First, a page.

March 29, 2015: Palm Sunday of the Passion of the Lord
Catholic Social Teaching: Option for the Poor and Vulnerable
My mission of being in the heart of the people is not just a part of my life or a badge I can take off; it is not an “extra” or just another moment in life. Instead, it is something I cannot uproot from my being without destroying my very self. I am a mission on this earth; that is the reason why I am here in this world. We have to regard ourselves as sealed, even branded, by this mission of bringing light, blessing, enlivening, raising up, healing and freeing. All around us we begin to see nurses with soul, teachers with soul, politicians with soul, people who have chosen deep down to be with others and for others. But once we separate our work from our private lives, everything turns grey and we will always be seeking recognition or asserting our needs. We stop being a people. (273) The Joy of the Gospel, Pope Francis
Entrance Gospel: Mark 11:1-10 or John 12:12-16
First Reading: Isaiah 50:4-7
Psalm: 22:8-9, 17-18, 19-20, 23-24
Second Reading: Philippians 2:6-11
Gospel: Mark 14:1-15:47
Catechism of the Catholic Church
How will Jerusalem welcome her Messiah? Although Jesus had always refused popular attempts to make him king, he chooses the time and prepares the details for his messianic entry into the city of “his father David”. Acclaimed as son of David, as the one who brings salvation (Hosanna means “Save!” or “Give salvation!”), the “King of glory” enters his City “riding on an ass”. Jesus conquers the Daughter of Zion, a figure of his Church, neither by ruse nor by violence, but by the humility that bears witness to the truth and so the subjects of his kingdom on that day are children and God’s poor, who acclaim him as had the angels when they announced him to the shepherds. Their acclamation, “Blessed be he who comes in the name of the Lord”, is taken up by the Church in the Sanctus of the Eucharistic liturgy that introduces the memorial of the Lord’s Passover. (559) From the Daily Roman Missal, Introduction to Palm Sunday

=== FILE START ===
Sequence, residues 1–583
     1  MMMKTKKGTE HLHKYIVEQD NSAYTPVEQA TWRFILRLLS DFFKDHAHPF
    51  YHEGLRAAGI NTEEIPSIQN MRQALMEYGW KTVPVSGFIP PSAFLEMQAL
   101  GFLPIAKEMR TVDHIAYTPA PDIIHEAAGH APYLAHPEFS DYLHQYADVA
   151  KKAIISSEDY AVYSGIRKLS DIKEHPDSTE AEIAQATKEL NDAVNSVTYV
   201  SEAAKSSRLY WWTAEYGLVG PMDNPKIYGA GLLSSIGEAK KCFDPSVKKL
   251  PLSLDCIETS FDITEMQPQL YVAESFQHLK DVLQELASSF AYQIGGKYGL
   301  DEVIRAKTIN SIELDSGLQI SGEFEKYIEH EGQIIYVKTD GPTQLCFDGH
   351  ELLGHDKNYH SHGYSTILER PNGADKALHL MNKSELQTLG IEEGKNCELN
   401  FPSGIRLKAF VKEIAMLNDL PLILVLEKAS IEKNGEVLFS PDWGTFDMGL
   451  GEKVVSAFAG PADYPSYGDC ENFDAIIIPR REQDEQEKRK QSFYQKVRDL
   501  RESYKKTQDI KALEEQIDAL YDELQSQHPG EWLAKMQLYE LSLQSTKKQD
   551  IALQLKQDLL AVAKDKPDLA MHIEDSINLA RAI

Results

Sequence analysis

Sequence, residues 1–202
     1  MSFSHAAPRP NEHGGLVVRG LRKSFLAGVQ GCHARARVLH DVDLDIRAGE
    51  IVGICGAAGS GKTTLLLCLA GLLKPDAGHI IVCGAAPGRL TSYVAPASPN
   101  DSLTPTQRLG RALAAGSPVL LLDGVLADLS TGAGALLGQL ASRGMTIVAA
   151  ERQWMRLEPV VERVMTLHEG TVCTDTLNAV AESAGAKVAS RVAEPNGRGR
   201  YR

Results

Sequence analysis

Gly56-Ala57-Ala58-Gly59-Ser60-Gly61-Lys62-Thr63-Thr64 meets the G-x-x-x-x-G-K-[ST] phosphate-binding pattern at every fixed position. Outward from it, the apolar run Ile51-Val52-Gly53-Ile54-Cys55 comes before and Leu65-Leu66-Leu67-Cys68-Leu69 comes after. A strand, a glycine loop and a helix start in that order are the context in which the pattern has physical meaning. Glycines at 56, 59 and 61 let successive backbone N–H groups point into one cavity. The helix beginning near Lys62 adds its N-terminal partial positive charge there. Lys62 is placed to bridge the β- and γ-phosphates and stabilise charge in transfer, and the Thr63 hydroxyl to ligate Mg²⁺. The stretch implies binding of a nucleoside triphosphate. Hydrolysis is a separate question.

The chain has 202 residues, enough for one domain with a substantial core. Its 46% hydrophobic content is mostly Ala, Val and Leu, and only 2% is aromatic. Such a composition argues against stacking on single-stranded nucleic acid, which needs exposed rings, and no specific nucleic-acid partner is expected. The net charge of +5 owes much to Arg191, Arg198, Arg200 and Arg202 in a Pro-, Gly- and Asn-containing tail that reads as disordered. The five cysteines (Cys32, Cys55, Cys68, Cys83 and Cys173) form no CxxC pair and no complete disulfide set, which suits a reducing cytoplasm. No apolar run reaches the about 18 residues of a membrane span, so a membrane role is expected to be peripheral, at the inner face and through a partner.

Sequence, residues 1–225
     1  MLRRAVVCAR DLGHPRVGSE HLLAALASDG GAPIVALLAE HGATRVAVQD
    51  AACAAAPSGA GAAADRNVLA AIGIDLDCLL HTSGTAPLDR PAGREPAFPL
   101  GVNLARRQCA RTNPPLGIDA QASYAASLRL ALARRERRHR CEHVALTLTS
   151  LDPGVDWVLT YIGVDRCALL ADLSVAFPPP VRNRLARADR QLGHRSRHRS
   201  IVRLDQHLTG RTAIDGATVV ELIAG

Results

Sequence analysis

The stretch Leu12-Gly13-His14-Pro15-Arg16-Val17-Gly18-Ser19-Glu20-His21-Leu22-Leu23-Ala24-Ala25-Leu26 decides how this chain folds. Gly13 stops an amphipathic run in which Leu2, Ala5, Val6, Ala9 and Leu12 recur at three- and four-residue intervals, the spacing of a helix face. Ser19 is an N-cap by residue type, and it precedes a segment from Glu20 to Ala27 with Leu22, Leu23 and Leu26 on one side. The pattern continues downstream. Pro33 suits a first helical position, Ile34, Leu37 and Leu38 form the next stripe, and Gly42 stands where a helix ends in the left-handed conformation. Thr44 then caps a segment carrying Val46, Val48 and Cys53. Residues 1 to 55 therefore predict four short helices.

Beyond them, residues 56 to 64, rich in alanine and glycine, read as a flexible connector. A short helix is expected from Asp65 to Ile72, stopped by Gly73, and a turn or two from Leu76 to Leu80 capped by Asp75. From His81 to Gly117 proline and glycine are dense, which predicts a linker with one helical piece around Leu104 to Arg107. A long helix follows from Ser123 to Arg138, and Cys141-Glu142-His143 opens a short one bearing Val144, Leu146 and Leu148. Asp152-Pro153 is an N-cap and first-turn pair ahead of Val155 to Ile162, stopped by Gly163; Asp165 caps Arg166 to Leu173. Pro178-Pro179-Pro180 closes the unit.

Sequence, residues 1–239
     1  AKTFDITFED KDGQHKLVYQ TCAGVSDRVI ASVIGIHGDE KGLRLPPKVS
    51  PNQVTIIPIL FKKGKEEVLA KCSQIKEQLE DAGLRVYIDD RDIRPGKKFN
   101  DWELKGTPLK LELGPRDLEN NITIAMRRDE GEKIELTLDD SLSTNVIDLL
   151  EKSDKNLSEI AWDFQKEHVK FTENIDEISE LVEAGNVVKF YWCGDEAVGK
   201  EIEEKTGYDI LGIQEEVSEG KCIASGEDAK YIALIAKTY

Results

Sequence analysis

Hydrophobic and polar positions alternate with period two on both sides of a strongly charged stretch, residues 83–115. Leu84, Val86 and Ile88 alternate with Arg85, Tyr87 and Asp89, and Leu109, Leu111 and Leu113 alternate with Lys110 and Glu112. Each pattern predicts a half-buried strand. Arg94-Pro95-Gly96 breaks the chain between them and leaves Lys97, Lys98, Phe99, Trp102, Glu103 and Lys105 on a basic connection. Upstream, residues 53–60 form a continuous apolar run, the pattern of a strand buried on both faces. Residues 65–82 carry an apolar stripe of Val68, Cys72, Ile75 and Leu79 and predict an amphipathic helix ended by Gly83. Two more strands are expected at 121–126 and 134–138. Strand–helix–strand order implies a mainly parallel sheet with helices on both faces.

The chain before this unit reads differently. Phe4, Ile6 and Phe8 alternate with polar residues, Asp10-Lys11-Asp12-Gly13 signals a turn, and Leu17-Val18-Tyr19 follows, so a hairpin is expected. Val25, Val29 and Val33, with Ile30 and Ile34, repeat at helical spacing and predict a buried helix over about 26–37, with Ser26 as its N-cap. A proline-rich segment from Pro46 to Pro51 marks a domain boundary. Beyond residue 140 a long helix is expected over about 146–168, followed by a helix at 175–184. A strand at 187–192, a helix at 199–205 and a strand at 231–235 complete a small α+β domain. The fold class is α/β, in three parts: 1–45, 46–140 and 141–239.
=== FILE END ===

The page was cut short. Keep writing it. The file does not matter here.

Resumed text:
Compendium of the Social Doctrine of the Church:
Human misery is a clear sign of man’s natural condition of frailty and of his need for salvation. Christ the Saviour showed compassion in this regard, identifying himself with the “least” among men (cf. Mt 25:40,45). “It is by what they have done for the poor that Jesus Christ will recognize his chosen ones. When ‘the poor have the good news preached to them’ (Mt 11:5), it is a sign of Christ’s presence”.
Jesus says: “You always have the poor with you, but you will not always have me” (Mt26:11; cf. Mk 14:7; Jn 12:8). He makes this statement not to contrast the attention due to him with service of the poor. Christian realism, while appreciating on the one hand the praiseworthy efforts being made to defeat poverty, is cautious on the other hand regarding ideological positions and Messianistic beliefs that sustain the illusion that it is possible to eliminate the problem of poverty completely from this world. This will happen only upon Christ’s return, when he will be with us once more, for ever. In the meantime, the poor remain entrusted to us and it is this responsibility upon which we shall be judged at the end of time (cf. Mt 25:31-46): “Our Lord warns us that we shall be separated from him if we fail to meet the serious needs of the poor and the little ones who are his brethren” (183)
The unsurpassed apex of the perspective indicated here is the life of Jesus of Nazareth, the New Man, who is one with humanity even to the point of “death on a cross” (Phil 2:8). In him it is always possible to recognize the living sign of that measureless and transcendent love of God-with-us, who takes on the infirmities of his people, walks with them, saves them and makes them one. In him and thanks to him, life in society too, despite all its contradictions and ambiguities, can be rediscovered as a place of life and hope, in that it is a sign of grace that is continuously offered to all and because it is an invitation to ever higher and more involved forms of sharing.